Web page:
While putting on sunscreen is a good thing, women who slather it on and then sunbathe all day end up staying out in the sun up to 39% longer than users who aren't seeking a "healthy tan." And this extra time in the sun may explain why some research has linked sunscreen use to a higher risk of melanoma and other skin cancers. "Using sunscreen doesn't take the place of limiting your exposure to the sun," says Jeffrey S. Dover, M.D., president of the American Society for Dermatologic Surgery. "Although a very high SPF sunscreen may prevent burning, it doesn't provide foolproof protection from the full spectrum of the sun's damaging UV radiation."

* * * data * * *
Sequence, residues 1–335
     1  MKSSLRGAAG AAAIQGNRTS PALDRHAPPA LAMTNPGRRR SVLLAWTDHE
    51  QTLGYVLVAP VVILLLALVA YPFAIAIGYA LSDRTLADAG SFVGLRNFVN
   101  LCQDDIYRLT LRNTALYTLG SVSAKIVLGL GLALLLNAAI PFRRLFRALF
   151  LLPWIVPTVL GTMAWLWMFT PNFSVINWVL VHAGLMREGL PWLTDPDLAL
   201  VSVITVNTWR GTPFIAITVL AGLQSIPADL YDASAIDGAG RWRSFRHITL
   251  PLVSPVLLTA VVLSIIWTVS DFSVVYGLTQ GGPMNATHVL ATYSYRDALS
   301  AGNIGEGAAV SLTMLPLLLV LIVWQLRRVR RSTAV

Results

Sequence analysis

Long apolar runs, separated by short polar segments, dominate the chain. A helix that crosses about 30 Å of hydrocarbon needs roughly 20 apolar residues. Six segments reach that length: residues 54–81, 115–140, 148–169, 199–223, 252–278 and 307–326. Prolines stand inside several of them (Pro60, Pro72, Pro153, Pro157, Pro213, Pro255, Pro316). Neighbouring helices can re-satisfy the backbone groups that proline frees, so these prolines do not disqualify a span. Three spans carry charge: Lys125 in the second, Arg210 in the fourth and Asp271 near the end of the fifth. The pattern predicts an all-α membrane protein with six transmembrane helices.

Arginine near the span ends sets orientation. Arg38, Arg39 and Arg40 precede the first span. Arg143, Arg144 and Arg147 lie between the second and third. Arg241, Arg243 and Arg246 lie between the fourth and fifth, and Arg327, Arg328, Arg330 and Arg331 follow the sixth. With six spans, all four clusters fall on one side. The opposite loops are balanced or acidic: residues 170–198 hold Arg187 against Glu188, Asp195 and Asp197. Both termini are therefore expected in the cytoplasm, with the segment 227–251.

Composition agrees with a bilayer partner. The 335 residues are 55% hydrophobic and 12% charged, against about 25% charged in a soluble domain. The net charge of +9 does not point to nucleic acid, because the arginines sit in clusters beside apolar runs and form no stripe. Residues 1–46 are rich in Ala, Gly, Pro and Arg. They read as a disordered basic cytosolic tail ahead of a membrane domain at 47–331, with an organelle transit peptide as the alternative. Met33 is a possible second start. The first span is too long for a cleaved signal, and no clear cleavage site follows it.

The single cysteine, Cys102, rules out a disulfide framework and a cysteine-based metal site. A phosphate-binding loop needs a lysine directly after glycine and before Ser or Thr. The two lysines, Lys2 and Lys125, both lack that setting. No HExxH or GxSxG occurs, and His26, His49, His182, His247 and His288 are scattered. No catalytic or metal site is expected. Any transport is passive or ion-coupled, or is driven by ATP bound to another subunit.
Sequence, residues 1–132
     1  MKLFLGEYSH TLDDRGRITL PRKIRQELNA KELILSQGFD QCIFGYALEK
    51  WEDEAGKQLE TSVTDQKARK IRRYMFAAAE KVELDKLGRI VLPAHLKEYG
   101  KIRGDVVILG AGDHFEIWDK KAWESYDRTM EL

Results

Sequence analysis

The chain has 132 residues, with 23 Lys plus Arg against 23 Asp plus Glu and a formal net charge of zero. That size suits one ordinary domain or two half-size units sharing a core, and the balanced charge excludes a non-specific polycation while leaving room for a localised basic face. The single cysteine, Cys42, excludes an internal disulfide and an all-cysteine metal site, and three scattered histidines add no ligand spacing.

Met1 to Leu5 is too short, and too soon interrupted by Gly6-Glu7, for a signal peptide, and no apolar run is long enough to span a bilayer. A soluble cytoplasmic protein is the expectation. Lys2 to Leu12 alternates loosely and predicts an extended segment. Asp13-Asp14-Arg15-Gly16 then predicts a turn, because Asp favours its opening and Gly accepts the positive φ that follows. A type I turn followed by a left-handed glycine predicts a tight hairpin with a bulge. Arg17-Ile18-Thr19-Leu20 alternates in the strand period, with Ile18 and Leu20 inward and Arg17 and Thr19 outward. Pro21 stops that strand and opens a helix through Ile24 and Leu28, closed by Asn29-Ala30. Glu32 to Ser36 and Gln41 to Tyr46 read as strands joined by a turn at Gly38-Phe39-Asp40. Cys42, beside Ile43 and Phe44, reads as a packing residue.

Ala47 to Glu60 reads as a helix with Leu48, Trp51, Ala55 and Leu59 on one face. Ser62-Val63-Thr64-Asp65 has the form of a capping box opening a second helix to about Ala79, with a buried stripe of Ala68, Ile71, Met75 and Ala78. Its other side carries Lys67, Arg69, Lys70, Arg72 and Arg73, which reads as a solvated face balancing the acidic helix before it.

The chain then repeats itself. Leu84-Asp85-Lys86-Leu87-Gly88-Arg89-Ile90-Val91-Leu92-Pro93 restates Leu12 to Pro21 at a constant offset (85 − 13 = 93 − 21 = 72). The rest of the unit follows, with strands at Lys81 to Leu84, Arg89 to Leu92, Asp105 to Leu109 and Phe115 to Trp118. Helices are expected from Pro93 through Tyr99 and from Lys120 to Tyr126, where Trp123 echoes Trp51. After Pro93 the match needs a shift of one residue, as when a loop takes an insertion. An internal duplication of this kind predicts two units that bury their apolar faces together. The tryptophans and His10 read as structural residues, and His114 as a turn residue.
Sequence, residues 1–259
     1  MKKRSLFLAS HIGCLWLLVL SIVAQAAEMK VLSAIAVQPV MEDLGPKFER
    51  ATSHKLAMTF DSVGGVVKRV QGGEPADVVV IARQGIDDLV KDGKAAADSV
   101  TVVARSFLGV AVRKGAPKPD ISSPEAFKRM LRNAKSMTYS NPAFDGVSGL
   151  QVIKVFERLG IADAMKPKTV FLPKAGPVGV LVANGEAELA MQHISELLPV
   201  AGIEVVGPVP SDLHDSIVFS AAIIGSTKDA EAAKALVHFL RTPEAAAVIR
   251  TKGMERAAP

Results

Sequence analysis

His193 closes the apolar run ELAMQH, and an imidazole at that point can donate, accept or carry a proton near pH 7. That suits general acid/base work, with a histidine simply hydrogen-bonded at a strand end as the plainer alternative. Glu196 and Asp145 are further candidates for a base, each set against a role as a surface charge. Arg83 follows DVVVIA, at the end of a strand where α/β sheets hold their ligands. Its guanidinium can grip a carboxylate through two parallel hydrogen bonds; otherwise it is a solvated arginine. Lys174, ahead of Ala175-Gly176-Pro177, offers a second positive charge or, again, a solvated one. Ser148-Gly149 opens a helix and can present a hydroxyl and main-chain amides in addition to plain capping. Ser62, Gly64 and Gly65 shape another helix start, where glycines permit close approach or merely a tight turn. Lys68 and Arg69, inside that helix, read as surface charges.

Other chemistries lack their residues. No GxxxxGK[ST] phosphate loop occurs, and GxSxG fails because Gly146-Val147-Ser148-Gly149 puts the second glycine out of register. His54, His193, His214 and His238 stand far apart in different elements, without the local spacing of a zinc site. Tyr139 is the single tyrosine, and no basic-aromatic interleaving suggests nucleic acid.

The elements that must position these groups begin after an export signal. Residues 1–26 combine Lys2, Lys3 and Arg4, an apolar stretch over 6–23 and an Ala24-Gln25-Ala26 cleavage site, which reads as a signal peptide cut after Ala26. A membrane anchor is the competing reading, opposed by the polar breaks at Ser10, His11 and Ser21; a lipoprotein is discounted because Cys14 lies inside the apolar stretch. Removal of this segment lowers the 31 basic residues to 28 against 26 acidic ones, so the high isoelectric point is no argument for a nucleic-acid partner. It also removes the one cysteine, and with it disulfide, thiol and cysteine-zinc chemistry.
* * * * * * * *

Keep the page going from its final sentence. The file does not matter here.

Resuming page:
What You Should Do: Never bask in the sun—and use 1 ounce (about 2 tablespoons) of sunscreen to adequately cover your entire body. Apply it 30 minutes before going outside and reapply every 2 hours.